ThePlace: Masjid Al-Rahma, Jeddah’s floating mosque

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Updated 12 January 2019
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ThePlace: Masjid Al-Rahma, Jeddah’s floating mosque

  • Worshippers and tourists prefer to visit the mosque at dawn or sunset to enjoy the view of the Red Sea

Al-Rahma Mosque was built in 1985 on the edge of Jeddah’s Corniche in Saudi Arabia.
It is also called Fatima Al-Zahra Mosque, and is one of the most visited mosques in Jeddah, especially by Muslims from East Asia.
Covering an area of 2,400 square meters, it receives Hajj and Umrah pilgrims from around the world.
The mosque is a combination of modern and old architecture and Islamic art. It is built with state-of-the-art technology, equipment, and sound and lighting systems.
It consists of 52 outer domes in addition to the main dome — the largest — with eight supporting pillars. There are 23 external umbrellas, beaded on the outside and inside with verses of the Qur’an.
There are 56 windows designed in Islamic style, a high-hanging wooden prayer area for women, washrooms, and comfortable worship rooms.
Worshippers and tourists prefer to visit the mosque at dawn or sunset to enjoy the view of the Red Sea.
It is also known as the Floating Mosque because it is surrounded by the sea ­— during high tide it appears as if it is floating.


Saudi Arabian doctors save lives around the world with Albalsam International

Updated 44 sec ago
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Saudi Arabian doctors save lives around the world with Albalsam International

  • Specific teams are chosen for each trip based on the needs of the country in question, says team leader Emad Bukhari

RIYADH: Saudi Arabian nonprofit Albalsam International Organization and its team of surgeons have reportedly provided medical assistance to 2,524 patients in six different countries, including Yemen and Tanzania, it announced recently.

Albalsam, which opened in Switzerland in 2017 under the leadership of Saudi cardiologist and executive director Dr. Emad Bukhari, provides free medical services to underprivileged citizens around the world. 

The organization has seven teams specializing in different areas of medicine: Cardiovascular medicine and surgery; ophthalmic medicine and surgery; pediatric medicine and surgery; cardiac catheterization; pediatric urology; intensive care; and respiratory care.

Bukhari cites Qur’an 22:77 — “O you who have believed, bow and prostrate and worship your Lord and do good — that you may succeed” — as the inspiration behind the organization.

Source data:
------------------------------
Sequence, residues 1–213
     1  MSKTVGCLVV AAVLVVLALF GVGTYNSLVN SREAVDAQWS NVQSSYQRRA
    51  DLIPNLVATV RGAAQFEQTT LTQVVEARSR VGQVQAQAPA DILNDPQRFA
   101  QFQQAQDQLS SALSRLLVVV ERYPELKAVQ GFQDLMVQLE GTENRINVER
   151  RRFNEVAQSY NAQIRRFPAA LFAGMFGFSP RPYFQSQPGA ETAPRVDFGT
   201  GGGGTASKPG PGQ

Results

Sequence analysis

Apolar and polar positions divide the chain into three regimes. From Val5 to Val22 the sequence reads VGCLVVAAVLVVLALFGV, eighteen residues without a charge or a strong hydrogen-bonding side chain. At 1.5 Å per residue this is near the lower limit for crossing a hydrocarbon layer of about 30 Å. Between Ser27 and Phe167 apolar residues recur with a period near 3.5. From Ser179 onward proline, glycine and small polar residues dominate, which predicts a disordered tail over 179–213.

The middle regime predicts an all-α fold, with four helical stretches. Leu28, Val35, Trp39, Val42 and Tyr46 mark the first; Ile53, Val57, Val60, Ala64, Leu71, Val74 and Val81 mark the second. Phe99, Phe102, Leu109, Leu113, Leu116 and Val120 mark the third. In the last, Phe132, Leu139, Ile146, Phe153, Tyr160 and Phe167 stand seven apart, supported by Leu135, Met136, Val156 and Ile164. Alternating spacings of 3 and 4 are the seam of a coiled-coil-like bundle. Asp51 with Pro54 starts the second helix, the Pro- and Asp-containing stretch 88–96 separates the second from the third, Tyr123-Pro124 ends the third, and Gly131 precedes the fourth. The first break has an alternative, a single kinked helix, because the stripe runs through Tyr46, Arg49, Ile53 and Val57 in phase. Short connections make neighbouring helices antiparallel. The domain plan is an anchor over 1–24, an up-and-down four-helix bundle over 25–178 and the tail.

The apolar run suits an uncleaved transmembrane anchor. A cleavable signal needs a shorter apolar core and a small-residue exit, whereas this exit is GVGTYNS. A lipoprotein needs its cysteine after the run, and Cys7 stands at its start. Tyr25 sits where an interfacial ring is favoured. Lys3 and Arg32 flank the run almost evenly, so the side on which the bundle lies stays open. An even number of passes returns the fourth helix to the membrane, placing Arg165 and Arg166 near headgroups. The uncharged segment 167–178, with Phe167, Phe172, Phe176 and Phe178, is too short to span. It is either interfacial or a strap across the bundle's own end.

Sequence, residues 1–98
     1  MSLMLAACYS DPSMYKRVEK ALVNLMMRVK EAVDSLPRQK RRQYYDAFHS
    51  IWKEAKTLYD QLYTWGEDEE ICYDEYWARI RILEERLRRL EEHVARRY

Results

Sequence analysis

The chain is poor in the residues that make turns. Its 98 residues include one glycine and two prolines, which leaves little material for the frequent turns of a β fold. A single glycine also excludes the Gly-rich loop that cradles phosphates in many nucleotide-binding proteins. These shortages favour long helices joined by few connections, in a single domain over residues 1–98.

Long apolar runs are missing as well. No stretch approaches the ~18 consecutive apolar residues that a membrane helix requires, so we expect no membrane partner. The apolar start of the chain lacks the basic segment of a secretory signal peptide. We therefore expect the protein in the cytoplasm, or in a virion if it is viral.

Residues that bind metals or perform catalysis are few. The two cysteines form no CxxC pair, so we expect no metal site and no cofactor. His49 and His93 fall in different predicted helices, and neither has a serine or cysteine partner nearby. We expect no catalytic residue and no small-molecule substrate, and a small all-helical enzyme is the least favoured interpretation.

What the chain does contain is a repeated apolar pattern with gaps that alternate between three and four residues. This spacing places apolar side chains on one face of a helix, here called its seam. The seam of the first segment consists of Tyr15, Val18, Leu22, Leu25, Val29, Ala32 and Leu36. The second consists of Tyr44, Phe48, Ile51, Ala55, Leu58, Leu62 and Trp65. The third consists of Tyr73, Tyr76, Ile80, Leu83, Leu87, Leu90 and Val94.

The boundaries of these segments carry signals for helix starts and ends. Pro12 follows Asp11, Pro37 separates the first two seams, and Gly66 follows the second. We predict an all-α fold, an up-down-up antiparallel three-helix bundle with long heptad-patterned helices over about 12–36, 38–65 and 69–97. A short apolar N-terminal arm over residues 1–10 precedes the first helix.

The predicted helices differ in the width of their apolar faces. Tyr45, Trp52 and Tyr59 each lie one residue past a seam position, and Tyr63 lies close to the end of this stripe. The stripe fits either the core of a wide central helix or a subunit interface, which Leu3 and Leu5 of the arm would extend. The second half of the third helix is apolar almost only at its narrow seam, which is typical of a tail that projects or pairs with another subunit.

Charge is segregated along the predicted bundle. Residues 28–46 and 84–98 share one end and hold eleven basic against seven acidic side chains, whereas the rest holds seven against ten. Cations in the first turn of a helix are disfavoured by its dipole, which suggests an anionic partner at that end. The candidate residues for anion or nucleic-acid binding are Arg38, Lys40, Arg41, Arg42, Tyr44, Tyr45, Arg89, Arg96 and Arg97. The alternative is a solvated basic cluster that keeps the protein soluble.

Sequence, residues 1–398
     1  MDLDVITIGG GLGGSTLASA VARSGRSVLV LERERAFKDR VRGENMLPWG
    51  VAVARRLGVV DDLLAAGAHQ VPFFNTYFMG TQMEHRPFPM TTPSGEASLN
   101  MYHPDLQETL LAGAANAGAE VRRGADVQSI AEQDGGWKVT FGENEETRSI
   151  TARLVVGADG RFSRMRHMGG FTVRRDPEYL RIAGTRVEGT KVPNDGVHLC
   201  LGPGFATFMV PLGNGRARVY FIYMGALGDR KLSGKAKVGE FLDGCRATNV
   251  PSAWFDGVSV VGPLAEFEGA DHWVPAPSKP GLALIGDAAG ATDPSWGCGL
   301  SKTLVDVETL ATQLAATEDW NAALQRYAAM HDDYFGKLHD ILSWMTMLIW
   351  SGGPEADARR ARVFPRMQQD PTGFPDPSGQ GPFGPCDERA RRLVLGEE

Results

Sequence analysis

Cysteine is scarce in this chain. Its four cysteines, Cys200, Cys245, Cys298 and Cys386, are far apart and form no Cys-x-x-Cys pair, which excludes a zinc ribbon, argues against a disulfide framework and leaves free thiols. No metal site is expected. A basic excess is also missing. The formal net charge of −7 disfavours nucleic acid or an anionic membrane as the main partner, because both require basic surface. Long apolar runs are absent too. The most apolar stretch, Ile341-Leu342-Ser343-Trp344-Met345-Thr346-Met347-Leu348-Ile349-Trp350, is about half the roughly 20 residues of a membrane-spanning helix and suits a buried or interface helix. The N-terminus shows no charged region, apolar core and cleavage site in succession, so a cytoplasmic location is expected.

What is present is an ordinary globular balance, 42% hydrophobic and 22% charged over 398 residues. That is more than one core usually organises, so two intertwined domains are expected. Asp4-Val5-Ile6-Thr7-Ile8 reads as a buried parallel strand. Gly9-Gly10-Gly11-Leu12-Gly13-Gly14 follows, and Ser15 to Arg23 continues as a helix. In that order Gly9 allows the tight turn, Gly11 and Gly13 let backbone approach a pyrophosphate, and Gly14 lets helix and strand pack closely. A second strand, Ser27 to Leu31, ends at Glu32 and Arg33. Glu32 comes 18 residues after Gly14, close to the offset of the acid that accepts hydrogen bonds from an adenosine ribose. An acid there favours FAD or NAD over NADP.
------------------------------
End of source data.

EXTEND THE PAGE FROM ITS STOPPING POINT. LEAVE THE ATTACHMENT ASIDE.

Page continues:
“By the grace of God first, and then by the hard work and devotion of my team and the generous assistance of those who donate to us, we are able to do good in service of humanity,” Bukhari told Arab News.

In numbers

560 cases of eye patients.

2,524 recipients.

46 surgery for children.

Specific teams are chosen for each trip based on the needs of the country in question, he explained: “If we are urgently needed to perform surgeries, we’ll send a larger surgical team of about 10 people. If we are sending doctors to offer training or teaching, we might send four.” The necessary resources for each trip are donated by various hospitals.

The doctors do their utmost to ensure that they are able to provide follow-up care for their patients too, and monitor their recovery. 

“We do not go anywhere unless we know we have the full means to offer the proper care,” Bukhari said. 

“We ensure that the local medical teams can carry on the treatment after we leave, training them ourselves if we have to, and we even follow up on the phone or over Skype, if necessary.”

To date, the organization has provided services including open-heart surgery, cardiac catheterization therapeutic intervention surgery, cardiac ultrasound diagnosis, cataract surgery, and various pediatric surgical procedures.

Bukhari said that the organization treats all patients equally, regardless of race, creed or gender.

“Islam teaches us that saving a single life is like saving all of humanity, and that is how Albalsam contributes to the growth and expansion of its work and puts its own mark on humanitarian action.”